I read with interest the column by Lawrence Durr wherein he states that the United State was "meant to be a secular democracy."
With regard to the "democracy" issue, Benjamin Franklin said: "A democracy is two wolves and a sheep voting on what to have for lunch."
It was indeed the tyranny of the majority that was and remains the basis not for a secular democracy but rather for our constitutional republic.
The "doctrine of the separation of church and state," or what is often referred to as a wall between church and state, is based on a letter by Thomas Jefferson to the Danbury Baptists to assure them that the national government would not infringe upon their religious practices, precisely as our national government is currently doing with the Catholic health care entities. His letter to them ended with a prayer.
This letter is the basis for the claim by some that the founders' intent was to exclude God and religion from all of our public affairs, as opposed to a more limited view of the establishment clause. Evidence for the limited intent of the establishment clause is to be found in the Declaration of Independence as well as the events surrounding the ratification of the First Amendment.
Consider the climactic words to the Declaration of Independence, also written by Jefferson: "... And for the support of this Declaration, with a firm Reliance on the Protection of divine Providence, we mutually pledge to each other our Lives, our Fortunes, and our sacred Honor."
The words on the top of the Washington Monument declare: "Praise be to God."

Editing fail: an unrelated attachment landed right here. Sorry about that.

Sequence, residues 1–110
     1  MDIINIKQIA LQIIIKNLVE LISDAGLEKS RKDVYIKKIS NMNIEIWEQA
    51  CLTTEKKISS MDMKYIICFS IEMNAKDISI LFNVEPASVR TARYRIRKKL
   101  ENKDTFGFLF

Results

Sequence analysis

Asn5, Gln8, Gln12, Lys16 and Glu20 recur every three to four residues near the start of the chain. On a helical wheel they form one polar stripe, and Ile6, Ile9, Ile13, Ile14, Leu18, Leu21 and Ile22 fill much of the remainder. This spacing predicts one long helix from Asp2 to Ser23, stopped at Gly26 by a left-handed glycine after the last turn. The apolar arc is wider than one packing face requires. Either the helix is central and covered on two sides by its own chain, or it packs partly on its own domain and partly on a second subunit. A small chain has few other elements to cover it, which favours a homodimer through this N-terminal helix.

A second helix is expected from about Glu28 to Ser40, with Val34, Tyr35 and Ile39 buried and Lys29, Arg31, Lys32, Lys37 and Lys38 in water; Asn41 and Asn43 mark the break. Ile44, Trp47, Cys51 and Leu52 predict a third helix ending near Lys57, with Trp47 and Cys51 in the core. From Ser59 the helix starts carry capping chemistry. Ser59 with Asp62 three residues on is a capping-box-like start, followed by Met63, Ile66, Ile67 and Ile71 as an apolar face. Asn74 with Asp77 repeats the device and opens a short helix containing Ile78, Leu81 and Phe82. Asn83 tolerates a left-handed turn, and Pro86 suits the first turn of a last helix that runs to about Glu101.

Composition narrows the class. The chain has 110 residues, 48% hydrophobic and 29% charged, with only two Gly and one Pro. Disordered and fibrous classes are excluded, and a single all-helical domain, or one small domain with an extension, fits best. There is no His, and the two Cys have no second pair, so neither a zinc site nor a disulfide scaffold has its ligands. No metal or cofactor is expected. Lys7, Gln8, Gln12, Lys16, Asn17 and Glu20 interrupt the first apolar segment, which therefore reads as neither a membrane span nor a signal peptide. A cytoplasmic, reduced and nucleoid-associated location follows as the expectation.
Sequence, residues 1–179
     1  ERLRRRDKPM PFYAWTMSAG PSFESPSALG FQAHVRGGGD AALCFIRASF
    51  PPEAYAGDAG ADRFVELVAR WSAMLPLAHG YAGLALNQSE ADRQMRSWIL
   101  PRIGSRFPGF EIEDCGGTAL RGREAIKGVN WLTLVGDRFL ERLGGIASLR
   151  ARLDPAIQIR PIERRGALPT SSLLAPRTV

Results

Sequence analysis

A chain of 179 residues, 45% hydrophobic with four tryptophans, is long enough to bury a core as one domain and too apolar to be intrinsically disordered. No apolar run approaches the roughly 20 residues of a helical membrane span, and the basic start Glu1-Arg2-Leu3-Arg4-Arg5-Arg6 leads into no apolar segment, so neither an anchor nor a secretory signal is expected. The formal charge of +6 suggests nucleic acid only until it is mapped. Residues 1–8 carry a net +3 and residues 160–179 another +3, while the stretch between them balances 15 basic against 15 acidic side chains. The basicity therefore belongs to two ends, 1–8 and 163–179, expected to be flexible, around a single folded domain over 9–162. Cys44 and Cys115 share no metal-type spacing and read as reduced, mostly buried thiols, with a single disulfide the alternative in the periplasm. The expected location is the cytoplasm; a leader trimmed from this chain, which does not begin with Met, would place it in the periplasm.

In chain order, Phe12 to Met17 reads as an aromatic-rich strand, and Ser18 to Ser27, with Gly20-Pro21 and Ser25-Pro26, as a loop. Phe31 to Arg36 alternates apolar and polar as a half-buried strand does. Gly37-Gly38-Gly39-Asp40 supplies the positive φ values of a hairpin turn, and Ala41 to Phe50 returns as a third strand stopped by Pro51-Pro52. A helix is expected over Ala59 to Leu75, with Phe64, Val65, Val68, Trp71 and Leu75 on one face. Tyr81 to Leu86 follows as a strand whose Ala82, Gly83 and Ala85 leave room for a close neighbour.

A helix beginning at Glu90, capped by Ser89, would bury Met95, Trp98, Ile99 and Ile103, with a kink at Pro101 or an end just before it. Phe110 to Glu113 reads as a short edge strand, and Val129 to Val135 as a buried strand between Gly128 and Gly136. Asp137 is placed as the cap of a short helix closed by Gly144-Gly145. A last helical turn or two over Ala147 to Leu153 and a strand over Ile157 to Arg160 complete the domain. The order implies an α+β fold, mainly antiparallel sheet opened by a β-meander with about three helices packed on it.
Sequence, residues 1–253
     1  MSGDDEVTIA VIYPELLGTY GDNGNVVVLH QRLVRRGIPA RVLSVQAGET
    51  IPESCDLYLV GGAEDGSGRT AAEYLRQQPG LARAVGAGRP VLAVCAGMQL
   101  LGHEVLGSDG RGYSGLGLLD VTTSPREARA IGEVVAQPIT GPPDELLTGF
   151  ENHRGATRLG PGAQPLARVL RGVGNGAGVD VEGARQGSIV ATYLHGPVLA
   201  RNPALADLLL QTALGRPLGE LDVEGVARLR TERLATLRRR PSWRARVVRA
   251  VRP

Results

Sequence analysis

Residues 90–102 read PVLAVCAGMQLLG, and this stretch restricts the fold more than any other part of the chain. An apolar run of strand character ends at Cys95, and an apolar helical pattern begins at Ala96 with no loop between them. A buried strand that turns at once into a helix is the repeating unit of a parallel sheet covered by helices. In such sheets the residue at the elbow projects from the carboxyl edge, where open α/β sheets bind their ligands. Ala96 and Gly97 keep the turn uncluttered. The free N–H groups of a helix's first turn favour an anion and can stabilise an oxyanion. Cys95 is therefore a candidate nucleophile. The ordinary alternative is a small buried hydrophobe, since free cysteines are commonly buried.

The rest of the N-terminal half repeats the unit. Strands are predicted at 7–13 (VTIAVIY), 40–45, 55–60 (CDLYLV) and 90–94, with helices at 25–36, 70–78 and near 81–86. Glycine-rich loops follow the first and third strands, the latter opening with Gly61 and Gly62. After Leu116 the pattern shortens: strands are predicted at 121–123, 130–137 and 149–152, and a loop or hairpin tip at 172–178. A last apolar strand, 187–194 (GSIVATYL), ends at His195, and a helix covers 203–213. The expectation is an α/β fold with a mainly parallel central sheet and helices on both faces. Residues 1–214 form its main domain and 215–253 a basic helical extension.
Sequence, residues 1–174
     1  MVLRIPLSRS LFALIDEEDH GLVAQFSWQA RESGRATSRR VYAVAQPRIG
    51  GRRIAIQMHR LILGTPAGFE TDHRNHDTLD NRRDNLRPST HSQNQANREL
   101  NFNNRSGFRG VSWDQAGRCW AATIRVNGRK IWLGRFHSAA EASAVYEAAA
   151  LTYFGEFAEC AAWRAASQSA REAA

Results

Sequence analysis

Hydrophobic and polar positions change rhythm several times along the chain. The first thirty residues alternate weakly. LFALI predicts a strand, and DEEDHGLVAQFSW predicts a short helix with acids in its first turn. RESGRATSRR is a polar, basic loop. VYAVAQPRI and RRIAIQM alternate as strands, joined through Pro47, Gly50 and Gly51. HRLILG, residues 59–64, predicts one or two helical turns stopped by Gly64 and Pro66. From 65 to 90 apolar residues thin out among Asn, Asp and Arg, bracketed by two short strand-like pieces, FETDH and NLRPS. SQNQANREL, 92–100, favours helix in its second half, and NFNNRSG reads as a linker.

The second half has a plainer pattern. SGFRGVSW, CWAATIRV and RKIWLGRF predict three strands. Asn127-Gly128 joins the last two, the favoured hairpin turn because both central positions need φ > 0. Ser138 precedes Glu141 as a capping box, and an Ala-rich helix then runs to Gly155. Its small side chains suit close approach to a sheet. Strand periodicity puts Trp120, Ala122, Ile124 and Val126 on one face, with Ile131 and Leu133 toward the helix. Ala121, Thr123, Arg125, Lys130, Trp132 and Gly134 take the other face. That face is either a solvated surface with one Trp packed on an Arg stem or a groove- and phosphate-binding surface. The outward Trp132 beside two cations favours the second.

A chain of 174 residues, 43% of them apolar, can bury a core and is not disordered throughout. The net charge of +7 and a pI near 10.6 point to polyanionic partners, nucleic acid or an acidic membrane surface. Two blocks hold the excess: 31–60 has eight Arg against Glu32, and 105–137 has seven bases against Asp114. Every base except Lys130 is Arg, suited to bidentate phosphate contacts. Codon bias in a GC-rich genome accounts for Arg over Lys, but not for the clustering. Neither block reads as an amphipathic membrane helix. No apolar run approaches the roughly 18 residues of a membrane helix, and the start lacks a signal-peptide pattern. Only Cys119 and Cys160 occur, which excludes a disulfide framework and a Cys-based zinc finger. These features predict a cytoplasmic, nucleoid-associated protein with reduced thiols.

John Adams famously observed: "Our country was made only for a moral and religious people; it is wholly inadequate for any other."
But perhaps the most compelling evidence of all is that within 24 hours of the ratification of the First Amendment, these same men who wrote the amendment declared Thanksgiving as a national religious holiday to thank "Almighty God" for military victory over the British.
Given that they had just written the amendment, it is impossible to believe that a clearly religious declaration was somehow excluded by it.
This unanimous resolution of the Continental Congress states in part: "For as much as it is the indispensable Duty of all Men to adore the superintending Providence of Almighty God; to acknowledge with Gratitude their Obligation to Him for Benefits received ... To take Schools and Seminaries of Education ... under His nurturing Hand; and to prosper the Means of Religion, for the promotion and enlargement of that Kingdom. ..."
This was clearly not a secular declaration. The Continental Congress was presided over by George Washington, who kept a handwritten prayer journal. These are the handwritten words of the father of our country, who clearly did not intend that God would be removed from our public lives:
"Now I make it my earnest prayer that God would have you in His holy protection, that He would incline the hearts of the citizens to cultivate a spirit of subordination and obedience to government, to entertain brotherly affection and love for one another, for their fellow citizens and the United States at large, and particularly for their brethren who have served in the field, and finally, that He would most graciously be pleased to dispose us all to do justice, to love mercy and to demean ourselves with that charity, humility and pacific temper of mind which were the characteristics of the Divine Author of our blessed religion and without an humble imitation of whose example in these things we can never hope to be a happy nation."
Whereas I agree with Durr that I would not want anyone telling me what to believe or not believe, which church to attend, or if to attend at all, it is a matter of historical fact worth remembering that while the founders would not establish a particular religious doctrine, they were overwhelmingly religious, mostly Christian, and clearly intended God to play a major role not only in our personal lives but in government and its institutions as well.
Perhaps to some, this is the real inconvenient truth.